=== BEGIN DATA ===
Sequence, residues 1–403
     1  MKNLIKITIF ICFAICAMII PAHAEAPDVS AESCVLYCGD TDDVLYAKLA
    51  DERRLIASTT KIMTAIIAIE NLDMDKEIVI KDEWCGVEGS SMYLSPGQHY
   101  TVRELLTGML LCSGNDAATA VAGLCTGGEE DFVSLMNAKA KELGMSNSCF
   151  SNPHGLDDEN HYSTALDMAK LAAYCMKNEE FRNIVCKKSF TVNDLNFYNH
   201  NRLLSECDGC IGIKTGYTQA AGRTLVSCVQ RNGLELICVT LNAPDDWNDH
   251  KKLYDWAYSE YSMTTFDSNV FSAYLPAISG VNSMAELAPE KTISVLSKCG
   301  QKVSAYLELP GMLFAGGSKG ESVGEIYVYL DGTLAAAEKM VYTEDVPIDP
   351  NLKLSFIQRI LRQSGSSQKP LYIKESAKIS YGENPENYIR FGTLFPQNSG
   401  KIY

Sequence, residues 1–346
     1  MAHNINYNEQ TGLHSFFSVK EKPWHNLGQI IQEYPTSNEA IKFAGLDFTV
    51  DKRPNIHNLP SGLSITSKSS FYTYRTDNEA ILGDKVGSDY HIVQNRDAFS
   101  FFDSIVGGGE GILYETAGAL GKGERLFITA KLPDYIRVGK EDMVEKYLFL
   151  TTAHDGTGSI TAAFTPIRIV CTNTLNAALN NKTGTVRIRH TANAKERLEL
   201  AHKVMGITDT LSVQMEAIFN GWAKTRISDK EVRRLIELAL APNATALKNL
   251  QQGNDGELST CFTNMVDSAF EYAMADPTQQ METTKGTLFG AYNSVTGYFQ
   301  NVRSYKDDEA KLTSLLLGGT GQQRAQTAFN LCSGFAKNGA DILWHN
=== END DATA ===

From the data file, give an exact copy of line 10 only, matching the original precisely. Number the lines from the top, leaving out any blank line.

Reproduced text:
   401  KIY